New deal will reduce phosphorus levels in St. Croix River

Clean water merges with dirty
The confluence of the St. Croix and Mississippi Rivers in Prescott, Wisconsin. The St. Croix, on the left, is one of the region's cleaner rivers, while the Mississippi, on the right, is much dirtier.
Photo courtesy of David Morrison, MPCA

Policy makers in Minnesota and Wisconsin are trying to reduce another pollutant in the area's lakes and rivers -- phosphorus. State officials from the two states will sign an agreement Thursday to reduce the amount of phosphorous in the St. Croix River.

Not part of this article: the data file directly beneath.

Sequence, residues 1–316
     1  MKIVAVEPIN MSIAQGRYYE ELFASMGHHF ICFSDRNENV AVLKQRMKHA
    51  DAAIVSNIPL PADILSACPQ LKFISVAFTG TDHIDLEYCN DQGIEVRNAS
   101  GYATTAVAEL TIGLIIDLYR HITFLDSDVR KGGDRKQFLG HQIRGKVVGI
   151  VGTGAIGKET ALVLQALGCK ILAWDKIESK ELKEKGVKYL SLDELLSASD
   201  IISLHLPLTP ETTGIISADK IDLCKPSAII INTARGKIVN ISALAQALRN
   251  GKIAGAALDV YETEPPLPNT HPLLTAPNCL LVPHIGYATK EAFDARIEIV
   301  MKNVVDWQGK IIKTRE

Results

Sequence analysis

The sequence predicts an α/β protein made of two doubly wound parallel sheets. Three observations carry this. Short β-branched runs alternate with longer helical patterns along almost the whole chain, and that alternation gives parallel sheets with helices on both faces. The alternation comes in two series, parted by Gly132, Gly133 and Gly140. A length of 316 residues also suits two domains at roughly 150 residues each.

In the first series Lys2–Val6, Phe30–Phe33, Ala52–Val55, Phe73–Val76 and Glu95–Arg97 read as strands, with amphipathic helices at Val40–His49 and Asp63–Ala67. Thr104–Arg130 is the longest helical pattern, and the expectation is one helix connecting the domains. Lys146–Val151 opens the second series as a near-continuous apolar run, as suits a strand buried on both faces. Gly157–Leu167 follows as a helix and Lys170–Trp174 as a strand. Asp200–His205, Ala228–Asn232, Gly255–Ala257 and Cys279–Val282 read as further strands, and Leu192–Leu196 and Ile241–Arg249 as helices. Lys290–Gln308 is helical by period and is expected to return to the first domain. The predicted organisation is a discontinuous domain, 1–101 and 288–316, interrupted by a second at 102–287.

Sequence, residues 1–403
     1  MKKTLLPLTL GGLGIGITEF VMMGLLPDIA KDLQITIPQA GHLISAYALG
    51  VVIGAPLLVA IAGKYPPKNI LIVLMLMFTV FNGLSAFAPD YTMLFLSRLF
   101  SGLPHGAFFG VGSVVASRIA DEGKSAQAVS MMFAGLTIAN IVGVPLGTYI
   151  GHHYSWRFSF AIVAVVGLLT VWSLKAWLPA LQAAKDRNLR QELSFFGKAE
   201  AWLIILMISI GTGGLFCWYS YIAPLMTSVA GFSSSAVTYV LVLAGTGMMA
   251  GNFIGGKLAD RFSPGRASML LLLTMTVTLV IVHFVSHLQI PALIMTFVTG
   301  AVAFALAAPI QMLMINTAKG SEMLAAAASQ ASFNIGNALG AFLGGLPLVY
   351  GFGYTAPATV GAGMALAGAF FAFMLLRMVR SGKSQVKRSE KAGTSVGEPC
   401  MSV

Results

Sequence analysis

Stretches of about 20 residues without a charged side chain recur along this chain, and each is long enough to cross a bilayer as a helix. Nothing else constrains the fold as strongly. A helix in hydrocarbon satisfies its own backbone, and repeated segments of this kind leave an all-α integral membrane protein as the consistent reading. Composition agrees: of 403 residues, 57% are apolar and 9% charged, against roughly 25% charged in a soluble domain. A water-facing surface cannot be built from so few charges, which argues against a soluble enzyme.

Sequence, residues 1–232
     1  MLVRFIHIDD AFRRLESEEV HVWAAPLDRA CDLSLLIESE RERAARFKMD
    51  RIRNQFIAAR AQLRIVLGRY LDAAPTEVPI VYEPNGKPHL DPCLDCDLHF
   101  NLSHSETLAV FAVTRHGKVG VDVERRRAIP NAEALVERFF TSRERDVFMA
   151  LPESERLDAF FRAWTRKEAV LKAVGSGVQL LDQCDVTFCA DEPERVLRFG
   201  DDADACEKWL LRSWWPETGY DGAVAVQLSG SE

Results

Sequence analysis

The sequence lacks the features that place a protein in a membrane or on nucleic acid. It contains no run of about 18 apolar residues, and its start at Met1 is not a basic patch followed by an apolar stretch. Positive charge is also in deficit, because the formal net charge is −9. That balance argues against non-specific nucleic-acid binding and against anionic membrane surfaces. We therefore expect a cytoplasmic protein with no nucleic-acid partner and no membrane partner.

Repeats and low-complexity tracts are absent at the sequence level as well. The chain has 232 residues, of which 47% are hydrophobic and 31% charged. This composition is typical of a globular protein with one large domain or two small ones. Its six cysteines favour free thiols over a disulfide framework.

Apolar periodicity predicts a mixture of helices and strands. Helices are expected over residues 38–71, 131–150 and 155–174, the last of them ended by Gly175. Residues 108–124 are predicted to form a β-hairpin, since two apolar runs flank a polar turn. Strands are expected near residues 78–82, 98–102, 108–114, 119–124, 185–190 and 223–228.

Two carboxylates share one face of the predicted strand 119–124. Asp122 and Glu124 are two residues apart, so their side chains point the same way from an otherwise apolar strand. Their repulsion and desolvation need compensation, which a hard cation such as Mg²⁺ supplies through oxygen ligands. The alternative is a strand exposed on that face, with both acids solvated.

The St. Croix forms much of the border between Minnesota and Wisconsin. It's actually one of the region's cleanest rivers. But phosphorous levels started to rise dramatically in the mid-1900s, as fertilizer use and urban growth increased runoff into the river and its tributaries.

The agreement calls for a reduction of phosphorus levels in the St. Croix River by 20 percent by the year 2020.

Dan Engstrom, who studies the St. Croix for the Science Museum of Minnesota, will be at the signing ceremony at the University of Wisconsin-River Falls. He told MPR's Tom Crann that phosphorus poses a major threat to the river's health.

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